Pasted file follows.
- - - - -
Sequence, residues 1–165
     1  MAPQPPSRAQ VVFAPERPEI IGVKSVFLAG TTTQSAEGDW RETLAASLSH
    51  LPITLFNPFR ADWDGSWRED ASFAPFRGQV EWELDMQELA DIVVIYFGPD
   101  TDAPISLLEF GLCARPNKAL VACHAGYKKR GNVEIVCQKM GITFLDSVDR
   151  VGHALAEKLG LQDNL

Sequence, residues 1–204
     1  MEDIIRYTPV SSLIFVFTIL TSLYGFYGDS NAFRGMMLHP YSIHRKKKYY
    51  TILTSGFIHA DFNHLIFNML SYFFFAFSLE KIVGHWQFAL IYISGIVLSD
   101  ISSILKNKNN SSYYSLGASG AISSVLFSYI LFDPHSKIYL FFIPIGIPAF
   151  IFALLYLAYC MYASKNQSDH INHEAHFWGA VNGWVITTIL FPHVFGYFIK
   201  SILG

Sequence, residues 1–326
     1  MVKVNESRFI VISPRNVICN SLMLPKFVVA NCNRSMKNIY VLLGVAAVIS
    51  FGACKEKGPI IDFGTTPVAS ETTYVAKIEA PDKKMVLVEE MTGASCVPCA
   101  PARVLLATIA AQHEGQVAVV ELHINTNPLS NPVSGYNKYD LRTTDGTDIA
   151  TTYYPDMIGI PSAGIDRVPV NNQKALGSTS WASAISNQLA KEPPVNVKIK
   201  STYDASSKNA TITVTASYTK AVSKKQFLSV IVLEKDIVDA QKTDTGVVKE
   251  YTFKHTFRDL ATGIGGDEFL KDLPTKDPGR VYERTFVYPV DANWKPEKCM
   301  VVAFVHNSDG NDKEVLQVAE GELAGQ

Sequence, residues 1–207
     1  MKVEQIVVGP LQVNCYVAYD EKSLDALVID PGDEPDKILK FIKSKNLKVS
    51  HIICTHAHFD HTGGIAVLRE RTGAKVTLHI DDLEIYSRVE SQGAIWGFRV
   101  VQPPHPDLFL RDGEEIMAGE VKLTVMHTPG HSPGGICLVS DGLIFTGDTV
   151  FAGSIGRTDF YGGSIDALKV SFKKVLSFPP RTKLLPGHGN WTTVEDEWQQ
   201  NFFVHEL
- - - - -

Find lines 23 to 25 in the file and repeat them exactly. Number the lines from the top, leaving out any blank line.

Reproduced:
   101  VQPPHPDLFL RDGEEIMAGE VKLTVMHTPG HSPGGICLVS DGLIFTGDTV
   151  FAGSIGRTDF YGGSIDALKV SFKKVLSFPP RTKLLPGHGN WTTVEDEWQQ
   201  NFFVHEL